Monday, 29 March 2010

Euthanasia, Singapore and the human rights debate

Let there be no doubt, suicide is a morally untenable position. However, that does not mean euthanasia should be illegal.

The euthanasia debate has recently found its way into the columns of Singapore's newspapers. Since, no opinion of substance can be considered complete without an interjection by the Grand Moofti, here are my two cents!!
Let's first consider whether euthanasia is suicide.  
Merriam-Webster defines suicide as "the act or an instance of taking one's own life voluntarily and intentionally especially by a person of years of discretion and of sound mind." Euthanasia, on the other hand, is "the act or practice of killing or permitting the death of hopelessly sick or injured individuals (as persons or domestic animals) in a relatively painless way for reasons of mercy."
Clearly, there is a fine distinction between the two behaviours.
Euthanasia is morally and religiously difficult to justify. But then so is gambling and gambling is legal in many jurisdictions, including Singapore.
It is wrong to legislate away a person's right to act on the basis of their own conscience unless there are reasonable grounds to suspect it will affect the well being of others. Other than the emotional trauma of those near and dear to the intended victims, it is difficult to suggest that euthanasia harms others.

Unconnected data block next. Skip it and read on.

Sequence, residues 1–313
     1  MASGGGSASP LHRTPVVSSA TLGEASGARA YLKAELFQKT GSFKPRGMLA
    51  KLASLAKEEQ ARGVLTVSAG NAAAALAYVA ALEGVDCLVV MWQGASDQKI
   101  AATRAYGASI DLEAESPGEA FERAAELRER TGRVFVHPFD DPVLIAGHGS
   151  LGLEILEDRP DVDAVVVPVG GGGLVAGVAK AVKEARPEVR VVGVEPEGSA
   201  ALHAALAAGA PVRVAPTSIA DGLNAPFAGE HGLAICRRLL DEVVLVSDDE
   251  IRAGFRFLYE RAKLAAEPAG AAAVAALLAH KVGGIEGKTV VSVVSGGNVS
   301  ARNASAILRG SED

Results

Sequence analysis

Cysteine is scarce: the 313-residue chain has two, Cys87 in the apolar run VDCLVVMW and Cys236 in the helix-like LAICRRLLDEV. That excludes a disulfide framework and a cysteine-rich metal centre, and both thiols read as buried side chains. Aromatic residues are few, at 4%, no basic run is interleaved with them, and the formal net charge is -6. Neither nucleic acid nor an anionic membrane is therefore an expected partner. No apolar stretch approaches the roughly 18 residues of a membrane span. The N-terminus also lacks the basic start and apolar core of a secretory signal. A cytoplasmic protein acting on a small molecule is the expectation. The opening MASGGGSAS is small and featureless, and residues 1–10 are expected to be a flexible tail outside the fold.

Hence, the real debate about euthanasia should centre on the situation in which it is permissible, i.e. the delineation of a 'hopelessly sick' individual and the extent to which the authorities may determine the same. Is someone who can be kept alive indefinitely on a hospital bed an eligible candidate for euthanasia? Can close family members and relatives decide to pull the plug on elderly parents?
There are a host of other issues which must be addressed by any cohesive legal framework permitting euthanasia. But legalizing assisted suicide (let's call it suicide just to complicate matters!) should not be avoided just because it is complicated or morally disagreeable to many. It can easily be argues that euthanasia is a humane behaviour both for the 'victim' and his family.   
Freewill must be a guiding principle for legislation, even if it leads to validating extreme actions like euthanasia. Let individuals be accountable for their own behaviours to their own conscience.
Which side plays God in the debate is questionable: those who suggest suicide is immoral and wish to impose their views on others, or those who wish to end their own lives peaceably under medical supervision?
Being mortal myself, I cannot answer the question.
Watch a video of John Elliot's voluntary euthanasia in Switzerland, includes a brief summary of Swiss law on the subject.

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